The discussion will do this by providing in-depth evidence as appears in Akira Kurosawa’s film, The Seven Samurai.
The story mostly circles around a small village that is striving to protect itself from bandit attacks, a condition that forces them to form a coalition with their samurai, who in this case appear rather impoverished. Though the relationship between them is a strained one, they maintain a mutual bond that sees them through a tough wartime in which the community’s needs and individual selfishness dominate and succeed in portraying the theme [importance] of communism and unselfishness over individualism (Wallace n.p.). To start with, Akira introduces the theme of community spirit early in the film through the character Kimbei, who is one of the Samurais. To do this, his film highlights the importance of hair in the culture as we see different hair styles appearing on the heads of many characters. Then contrast cuts in when Kimbei decides to shave his hair so that he can trick some bandits into releasing a small boy who falls into their hands. He shaves his head clean so as to feign the image of a village priest, and at the end of it all, he succeeds in saving the boy. The act of a Samurai shaving his head is sacrificed because the culture views shaving hair as a breach of the culture’s norms.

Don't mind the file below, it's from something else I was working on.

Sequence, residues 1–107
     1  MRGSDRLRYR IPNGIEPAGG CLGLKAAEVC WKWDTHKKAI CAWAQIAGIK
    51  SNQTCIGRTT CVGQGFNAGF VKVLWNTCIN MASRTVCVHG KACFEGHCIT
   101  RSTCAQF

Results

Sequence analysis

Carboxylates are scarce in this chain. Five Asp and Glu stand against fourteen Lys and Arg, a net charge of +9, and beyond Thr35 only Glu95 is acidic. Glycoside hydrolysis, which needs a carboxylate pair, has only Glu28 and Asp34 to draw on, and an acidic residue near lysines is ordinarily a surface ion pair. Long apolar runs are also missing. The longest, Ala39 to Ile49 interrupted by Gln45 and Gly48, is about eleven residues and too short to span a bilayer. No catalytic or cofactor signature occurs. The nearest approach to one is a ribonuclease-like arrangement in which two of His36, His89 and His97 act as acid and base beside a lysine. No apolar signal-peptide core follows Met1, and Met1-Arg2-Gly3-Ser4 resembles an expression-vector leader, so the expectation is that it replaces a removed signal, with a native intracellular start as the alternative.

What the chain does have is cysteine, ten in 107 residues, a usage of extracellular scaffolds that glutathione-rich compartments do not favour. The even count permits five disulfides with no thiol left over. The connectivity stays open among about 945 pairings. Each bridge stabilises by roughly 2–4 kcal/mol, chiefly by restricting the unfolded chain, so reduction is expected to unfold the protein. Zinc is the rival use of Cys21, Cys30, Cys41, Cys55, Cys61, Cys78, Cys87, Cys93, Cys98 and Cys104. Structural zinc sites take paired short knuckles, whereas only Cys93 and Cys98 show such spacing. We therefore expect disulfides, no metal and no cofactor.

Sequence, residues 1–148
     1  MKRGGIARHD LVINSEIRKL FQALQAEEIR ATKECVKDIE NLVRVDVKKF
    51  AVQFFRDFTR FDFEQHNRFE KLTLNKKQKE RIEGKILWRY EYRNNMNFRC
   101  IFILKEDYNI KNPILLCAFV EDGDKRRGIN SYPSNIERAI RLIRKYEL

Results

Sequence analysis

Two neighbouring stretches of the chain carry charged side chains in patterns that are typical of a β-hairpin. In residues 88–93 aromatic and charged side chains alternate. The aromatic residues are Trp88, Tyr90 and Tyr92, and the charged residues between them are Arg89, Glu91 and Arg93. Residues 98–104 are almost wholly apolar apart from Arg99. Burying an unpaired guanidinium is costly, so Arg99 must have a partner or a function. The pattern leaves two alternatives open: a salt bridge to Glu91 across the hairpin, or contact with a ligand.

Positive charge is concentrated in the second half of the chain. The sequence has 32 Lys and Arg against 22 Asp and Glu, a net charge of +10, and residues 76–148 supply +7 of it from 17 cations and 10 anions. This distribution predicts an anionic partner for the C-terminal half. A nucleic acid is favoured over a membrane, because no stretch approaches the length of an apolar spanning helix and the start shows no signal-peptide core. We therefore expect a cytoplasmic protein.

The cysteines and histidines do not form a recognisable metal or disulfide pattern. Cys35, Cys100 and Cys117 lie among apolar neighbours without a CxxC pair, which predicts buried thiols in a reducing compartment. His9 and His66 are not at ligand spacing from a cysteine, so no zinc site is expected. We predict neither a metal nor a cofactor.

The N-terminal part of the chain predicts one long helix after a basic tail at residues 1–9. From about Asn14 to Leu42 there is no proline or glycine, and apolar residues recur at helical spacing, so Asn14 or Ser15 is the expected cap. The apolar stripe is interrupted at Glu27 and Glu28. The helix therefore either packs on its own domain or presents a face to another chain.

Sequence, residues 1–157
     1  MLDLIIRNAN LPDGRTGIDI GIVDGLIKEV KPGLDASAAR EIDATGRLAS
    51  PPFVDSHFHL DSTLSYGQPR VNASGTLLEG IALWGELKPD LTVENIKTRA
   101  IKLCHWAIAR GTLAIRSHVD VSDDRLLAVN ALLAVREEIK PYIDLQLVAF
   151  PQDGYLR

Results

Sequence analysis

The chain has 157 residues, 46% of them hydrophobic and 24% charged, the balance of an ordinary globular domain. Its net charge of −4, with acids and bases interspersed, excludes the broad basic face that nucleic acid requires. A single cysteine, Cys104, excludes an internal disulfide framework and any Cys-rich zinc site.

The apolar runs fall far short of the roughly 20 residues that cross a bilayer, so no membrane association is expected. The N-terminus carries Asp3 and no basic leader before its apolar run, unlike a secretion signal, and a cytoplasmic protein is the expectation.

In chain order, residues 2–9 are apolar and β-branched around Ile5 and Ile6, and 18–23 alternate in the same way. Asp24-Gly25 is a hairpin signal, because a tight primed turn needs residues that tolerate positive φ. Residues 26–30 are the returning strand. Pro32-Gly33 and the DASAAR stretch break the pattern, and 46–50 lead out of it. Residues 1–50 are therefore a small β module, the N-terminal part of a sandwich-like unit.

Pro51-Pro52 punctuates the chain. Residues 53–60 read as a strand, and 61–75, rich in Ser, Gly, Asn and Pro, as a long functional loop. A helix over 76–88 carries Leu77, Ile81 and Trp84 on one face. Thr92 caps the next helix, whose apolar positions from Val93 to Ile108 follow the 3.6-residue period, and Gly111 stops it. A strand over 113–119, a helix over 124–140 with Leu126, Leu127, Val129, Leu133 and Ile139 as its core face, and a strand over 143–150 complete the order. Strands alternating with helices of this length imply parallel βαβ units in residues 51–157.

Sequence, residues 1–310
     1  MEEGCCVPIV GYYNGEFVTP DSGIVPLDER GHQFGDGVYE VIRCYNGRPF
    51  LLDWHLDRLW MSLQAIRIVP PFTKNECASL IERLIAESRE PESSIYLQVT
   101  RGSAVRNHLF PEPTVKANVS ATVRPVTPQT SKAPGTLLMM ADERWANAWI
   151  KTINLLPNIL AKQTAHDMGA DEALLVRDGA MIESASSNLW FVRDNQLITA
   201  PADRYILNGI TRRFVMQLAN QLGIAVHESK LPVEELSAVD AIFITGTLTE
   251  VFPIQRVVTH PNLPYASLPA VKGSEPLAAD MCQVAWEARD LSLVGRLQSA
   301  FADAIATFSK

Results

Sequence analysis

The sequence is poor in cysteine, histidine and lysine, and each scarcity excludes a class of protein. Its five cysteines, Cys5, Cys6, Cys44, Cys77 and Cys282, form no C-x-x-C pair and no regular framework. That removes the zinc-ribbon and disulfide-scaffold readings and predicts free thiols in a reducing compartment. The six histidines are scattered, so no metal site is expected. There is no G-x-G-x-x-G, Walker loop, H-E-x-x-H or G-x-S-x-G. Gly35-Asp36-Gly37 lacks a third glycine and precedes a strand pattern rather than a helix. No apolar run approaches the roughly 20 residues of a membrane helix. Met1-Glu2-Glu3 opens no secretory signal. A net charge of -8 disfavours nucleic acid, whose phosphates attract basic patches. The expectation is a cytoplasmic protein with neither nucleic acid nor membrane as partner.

Kimbei’s life does not go back to normal, but he takes up the role of serving and leading his community because he open up to realities that his community has needs that need addressing, such as protection from the bandits, and dedicates his life to serving them. Further evidence appears when he is seen opening up to his servant telling him that they would rather die serving. The perspective of “we” shows his call for oneness, thus communism. To further in this, Akira tactfully applies a direct quote through Kimbei at the scene where he forces a group of villagers to return to their posts during